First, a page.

Pubdate: Wed, 02 Mar 2016
Source: Daily Star, The (Lebanon)
Copyright: 2016 The Daily Star
Author: Elodie Mazein, Agence France Presse


WASHINGTON - Legal marijuana is becoming more and more entrenched in 
the United States each year, and 2016 looks to be no exception.

In fact, some observers say it could be a "tipping point" for an 
ever-growing industry already worth billions of dollars.

By the end of the year, nearly a dozen states will decide whether to 
legalize pot - with seven to determine whether they will allow 
recreational use.

Already 23 out of 50 states, plus the nation's capital, allow pot in 
some form, whether for medical or recreational purposes.

At the beginning of 2016, 86 percent of Americans lived in a state 
permitting cannabis use in some form.

As acceptance of the drug grows across the United States, so too do 
sales, which are expected to hit nearly $22 billion by 2020.

"It is going to be a very, very competitive market in the next five 
years," said John Kagia, director of industry analytics at New 
Frontier, a firm mainly specializing in the cannabis business.

While possession, sale and consumption of marijuana remains illegal 
at the federal level, it is permitted for recreational use in four 
U.S. states: Alaska, Colorado, Oregon and Washington, plus the U.S. 
capital Washington.

According to Kagia, "2016 will be the tipping point" for pot, with 11 
states slated to decide whether to allow it in one form or another.

The western states of Colorado and Washington pioneered recreational 
marijuana legalization in 2012, and sales have increased 30 percent 
per year on average since then in the United States, according to New 
Frontier and the ArcView Group, another firm focused on analyzing the 
cannabis industry.

U.S. pot sales climbed to $4.6 billion in 2014 and are expected to 
reach $21.8 billion in 2020, New Frontier says.

The explosion in sales is due mainly to the legalization of 
recreational pot in some states. Although medical marijuana 
represented 92 percent of all pot sales in 2014, its share of the 
total is expected to fall to 47 percent in just four years.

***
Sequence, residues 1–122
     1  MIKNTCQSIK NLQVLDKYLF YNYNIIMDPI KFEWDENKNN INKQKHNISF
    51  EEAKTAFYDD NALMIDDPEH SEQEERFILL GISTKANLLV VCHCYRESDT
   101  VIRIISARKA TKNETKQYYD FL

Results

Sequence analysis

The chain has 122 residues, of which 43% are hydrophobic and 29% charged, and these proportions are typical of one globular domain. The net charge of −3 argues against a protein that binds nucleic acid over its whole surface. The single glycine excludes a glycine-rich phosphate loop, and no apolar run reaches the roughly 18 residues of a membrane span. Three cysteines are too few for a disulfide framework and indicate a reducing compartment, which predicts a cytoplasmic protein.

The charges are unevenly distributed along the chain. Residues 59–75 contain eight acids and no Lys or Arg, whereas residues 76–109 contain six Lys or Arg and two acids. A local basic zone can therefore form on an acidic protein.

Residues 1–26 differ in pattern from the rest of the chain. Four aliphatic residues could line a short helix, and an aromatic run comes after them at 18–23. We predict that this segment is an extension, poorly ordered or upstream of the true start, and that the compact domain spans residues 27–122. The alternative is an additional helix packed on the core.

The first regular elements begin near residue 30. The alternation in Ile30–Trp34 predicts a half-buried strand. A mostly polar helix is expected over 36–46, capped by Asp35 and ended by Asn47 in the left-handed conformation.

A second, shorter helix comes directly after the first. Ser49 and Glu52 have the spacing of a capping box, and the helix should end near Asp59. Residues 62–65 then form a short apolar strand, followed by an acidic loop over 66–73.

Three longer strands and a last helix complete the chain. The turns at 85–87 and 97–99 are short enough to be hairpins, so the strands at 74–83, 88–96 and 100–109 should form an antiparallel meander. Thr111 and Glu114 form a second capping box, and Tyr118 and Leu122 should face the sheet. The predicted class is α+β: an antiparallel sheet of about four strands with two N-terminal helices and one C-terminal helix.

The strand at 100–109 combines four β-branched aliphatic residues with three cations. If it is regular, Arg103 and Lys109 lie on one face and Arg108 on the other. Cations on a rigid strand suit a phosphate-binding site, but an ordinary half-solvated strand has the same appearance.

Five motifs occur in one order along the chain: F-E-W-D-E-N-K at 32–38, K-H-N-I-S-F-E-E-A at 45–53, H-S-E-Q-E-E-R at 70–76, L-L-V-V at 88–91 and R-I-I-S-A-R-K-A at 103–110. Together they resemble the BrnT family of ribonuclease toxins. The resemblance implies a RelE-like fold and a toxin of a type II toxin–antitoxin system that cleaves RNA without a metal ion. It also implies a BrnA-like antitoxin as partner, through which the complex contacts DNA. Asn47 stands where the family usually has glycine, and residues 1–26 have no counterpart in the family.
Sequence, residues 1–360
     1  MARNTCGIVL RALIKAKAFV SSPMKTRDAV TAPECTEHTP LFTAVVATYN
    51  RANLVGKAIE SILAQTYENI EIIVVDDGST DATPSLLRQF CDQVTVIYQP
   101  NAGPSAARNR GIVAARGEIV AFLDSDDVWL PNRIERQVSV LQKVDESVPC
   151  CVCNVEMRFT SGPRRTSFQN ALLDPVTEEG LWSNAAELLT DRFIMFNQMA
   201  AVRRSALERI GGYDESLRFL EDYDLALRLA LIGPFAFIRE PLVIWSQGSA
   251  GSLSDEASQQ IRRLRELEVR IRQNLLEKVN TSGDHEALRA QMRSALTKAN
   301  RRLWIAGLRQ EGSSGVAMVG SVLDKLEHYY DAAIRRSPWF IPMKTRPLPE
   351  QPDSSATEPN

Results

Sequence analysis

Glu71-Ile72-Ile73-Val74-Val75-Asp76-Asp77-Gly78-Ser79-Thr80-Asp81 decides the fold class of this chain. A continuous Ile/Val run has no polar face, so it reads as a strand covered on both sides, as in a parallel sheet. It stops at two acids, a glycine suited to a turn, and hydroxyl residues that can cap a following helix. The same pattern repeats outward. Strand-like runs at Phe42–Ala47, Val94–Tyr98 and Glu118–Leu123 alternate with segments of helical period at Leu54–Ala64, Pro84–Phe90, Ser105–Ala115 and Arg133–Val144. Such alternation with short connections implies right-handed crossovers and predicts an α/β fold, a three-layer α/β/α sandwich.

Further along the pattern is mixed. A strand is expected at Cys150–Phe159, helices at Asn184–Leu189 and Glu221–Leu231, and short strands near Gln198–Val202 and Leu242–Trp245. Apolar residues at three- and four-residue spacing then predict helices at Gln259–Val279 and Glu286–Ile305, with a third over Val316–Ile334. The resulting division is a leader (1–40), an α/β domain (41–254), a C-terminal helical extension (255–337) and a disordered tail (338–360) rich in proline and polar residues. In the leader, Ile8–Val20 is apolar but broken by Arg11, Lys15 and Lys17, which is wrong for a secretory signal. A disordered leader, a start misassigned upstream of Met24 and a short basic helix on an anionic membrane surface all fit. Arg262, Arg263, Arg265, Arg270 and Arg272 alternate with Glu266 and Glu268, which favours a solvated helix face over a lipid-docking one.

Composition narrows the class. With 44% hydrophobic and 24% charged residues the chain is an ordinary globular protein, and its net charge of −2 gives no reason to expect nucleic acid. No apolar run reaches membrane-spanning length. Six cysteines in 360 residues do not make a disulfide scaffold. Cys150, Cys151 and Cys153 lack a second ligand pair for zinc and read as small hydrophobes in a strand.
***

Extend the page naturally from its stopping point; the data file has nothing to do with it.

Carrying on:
The market for pot is in full bloom thanks to burgeoning industrial 
growing operations, marijuana edibles and a higher demand for 
equipment from those who want to grow - or consume  cannabis at home.

And while entrepreneurs see dollar signs behind every joint rolled, 
so too do state governments that stand to reap massive gains in the 
form of imposed taxes.

Last year, Colorado earned some $135 million in taxes and licensing 
fees on nearly $1 billion in pot sales, according to The Denver Post.

The state of Washington, meanwhile, took in $70 million on statewide 
pot revenue totaling $257 million, a number that came in lower than 
expected after a pot shortage.

As America falls for pot, competition has become increasingly fierce, 
and the variation in regulations and taxes from state to state has 
given rise to some tension.

The amount of pot a person can grow varies as well, with up to four 
plants allowed in Oregon and six plants in Colorado, but none in the 
state of Washington.

Six plants are allowed in the U.S. capital Washington, where 
marijuana advocates celebrated the city's one-year anniversary Friday 
for legalizing pot.

But the U.S. Congress, which has some authority in the capital's 
local governance, has prevented the city from regulating its pot 
market, which means buying and selling marijuana is still illegal.

The next president, who will be elected in November, could tip the 
balance in either direction at the federal level, experts told AFP at 
a marijuana trade show called CannaShow, held just over a week ago in 

For those entering the marijuana industry, the market has sparked 
particular worries and uncertainties such as the fact that all 
payments must be made in cash since banking services are not extended 
to the pot industry, the risk of Congressional intervention or even a 
price war.

Moreover growing cannabis, or "cannaculture" as it's called, is a 
costly endeavor, with plants needing gallons of water and a 
constantly warm environment, and thus electricity.

According to New Frontier, cannabis is the greediest of crops in 
terms of electricity, accounting for 1 percent of all electricity 
used in the United States (the same amount as 1.7 million homes) at 
an annual cost of $6 billion.

Electricity cost accounts for around 50 percent of the wholesale 
price of cannabis.

Despite these pitfalls, pot proponents are quick to point out that 
legalization of the substance has its societal virtues, such as 
putting an end to some discriminatory arrests.

In the U.S. capital, for example, 91 percent of those arrested for 
marijuana-related offenses before legalization were black.

Legalizing marijuana keeps down overcrowding of courts and prisons.

Retired Baltimore police commander Neill Franklin, who is part of the 
advocacy group Law Enforcement Against Prohibition, an organization 
of officers who speak out against current drug policy, said that 
500,000 to 600,000 people are arrested each year for cannabis in the 
United States.
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MAP posted-by: Jay Bergstrom